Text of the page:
We stopped here for breakfast consisting of locally make fruit filled pastry, mango, papaya and assorted other fruits, including strawberries which are locally grown on large communal farms, between the fishing village and La Pas.
. We were somewhat surprised to find that so many fruits and vegetable are grown in this area as it only gets rainfall for 2 months of the year, but they seem to have a good supply of aquifers in the mountains and most framing is done at elevations of 1000 to 2000 feet. The area has several mountain ranges with the tallest peak being over 8000 feet, as seen here.
Next we headed over the lower mountains along the coast as we make our way to La Pas.
La Pas is one of the few major cites and sits on the gulf coast around 160 K, from Cabo.
The town square at the edge of the Bay of La Pas.
The bay itself
And a few more shots of the town.
Since all the towns and cities in this area were founded by Spanish Missionaries, as the Mayans were a nomadic culture, they all had at least one church most of which date back at least several hundred years.
After La Pas we headed east across the mountains to visit an old former mining town, man talk about great motorcycling roads!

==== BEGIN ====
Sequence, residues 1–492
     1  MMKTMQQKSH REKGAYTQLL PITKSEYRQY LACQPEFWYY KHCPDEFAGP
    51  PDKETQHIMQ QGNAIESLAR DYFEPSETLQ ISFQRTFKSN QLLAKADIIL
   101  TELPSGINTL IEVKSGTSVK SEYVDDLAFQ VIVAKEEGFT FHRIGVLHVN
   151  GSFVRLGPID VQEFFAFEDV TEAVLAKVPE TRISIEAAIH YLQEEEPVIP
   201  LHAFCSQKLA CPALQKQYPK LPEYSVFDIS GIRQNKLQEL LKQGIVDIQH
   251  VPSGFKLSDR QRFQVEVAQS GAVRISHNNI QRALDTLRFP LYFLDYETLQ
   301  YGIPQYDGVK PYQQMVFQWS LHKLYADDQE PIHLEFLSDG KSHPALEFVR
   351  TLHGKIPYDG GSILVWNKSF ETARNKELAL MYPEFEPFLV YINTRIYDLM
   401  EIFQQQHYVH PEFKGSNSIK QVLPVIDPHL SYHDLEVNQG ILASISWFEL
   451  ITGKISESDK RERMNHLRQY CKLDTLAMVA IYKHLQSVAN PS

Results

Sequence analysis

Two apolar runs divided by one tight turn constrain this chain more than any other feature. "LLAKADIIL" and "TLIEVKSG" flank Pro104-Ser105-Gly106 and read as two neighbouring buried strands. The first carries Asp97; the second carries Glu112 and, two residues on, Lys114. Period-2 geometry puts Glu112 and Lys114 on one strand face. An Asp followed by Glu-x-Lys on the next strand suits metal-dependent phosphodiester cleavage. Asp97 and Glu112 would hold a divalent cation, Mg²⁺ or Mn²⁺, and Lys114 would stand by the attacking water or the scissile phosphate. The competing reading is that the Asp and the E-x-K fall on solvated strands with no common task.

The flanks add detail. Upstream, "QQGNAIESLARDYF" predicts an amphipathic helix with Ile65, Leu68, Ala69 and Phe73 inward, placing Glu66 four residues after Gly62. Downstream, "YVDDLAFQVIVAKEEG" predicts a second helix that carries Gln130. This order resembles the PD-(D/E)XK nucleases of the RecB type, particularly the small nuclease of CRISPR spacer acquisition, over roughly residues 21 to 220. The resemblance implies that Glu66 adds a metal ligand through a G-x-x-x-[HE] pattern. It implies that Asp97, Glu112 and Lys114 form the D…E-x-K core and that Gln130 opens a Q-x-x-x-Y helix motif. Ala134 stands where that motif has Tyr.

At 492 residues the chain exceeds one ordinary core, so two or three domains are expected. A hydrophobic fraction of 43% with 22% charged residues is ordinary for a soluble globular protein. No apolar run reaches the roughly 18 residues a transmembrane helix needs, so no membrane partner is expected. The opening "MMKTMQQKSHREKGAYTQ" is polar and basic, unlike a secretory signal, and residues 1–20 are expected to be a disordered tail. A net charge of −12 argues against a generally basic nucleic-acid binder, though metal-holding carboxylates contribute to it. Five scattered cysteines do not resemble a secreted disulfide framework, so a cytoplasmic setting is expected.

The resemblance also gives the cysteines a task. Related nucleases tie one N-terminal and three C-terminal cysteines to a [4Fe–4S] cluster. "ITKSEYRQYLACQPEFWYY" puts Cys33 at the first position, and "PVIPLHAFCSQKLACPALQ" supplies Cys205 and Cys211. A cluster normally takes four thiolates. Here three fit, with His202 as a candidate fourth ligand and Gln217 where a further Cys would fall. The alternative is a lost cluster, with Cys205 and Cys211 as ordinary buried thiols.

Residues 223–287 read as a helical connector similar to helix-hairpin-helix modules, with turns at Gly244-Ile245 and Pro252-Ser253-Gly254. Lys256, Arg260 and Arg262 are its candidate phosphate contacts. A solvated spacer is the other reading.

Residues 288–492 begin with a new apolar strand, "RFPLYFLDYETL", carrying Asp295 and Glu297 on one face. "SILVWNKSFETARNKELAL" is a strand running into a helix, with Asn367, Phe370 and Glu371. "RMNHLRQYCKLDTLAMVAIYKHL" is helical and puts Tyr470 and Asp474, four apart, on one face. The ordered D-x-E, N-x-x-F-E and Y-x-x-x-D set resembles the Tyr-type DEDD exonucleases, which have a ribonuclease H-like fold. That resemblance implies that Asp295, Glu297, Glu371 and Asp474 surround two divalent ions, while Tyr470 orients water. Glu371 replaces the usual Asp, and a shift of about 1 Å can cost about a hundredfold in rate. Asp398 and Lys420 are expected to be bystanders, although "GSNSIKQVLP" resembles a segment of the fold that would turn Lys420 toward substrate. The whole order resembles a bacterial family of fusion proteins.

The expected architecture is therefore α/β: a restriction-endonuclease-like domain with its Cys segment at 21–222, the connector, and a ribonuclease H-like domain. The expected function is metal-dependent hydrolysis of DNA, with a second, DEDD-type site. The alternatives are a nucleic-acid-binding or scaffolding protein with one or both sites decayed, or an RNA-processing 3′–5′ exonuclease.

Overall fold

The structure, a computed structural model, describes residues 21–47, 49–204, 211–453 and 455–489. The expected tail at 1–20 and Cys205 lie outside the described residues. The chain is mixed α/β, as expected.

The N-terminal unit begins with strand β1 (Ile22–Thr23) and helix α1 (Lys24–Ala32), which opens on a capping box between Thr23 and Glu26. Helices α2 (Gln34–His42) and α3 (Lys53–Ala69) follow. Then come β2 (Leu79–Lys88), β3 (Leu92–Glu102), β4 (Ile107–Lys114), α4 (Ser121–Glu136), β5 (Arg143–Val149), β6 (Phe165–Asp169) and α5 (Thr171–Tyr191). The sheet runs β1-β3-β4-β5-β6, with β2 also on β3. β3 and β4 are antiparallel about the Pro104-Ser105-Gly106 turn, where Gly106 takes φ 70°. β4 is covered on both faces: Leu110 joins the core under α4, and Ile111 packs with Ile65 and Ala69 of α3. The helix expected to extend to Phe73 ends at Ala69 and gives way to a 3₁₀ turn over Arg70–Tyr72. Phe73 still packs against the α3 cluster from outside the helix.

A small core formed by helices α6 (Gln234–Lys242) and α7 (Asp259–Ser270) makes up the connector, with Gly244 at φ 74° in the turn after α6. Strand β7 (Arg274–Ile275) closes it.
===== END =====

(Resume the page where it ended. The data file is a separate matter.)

As we climbed the mountains I noticed there were many wide dry river beds, as seen here, which during the 10 months of the dry season are often used as convenient roads, just about all had tire tracks running along them.
In the small mining town we visited, our route actually took us on one such river bed, you can see the tire tracks and since they are fairly flat it makes perfect sense to utilize them as such during the long dry season.
End of part II
Cabo Trip Report III
Cabo Trip report III
The mining town we visited is now pretty much a ghost town now, but there were a few hangers on and a small school for the children of the farmers in the area. It is a state run boarding school since the farms are so wide spread and the students live in dormers for the school term, all of which is provided free by the state government.
Here is one wall where the caretaker was busy painting the stones in bright colors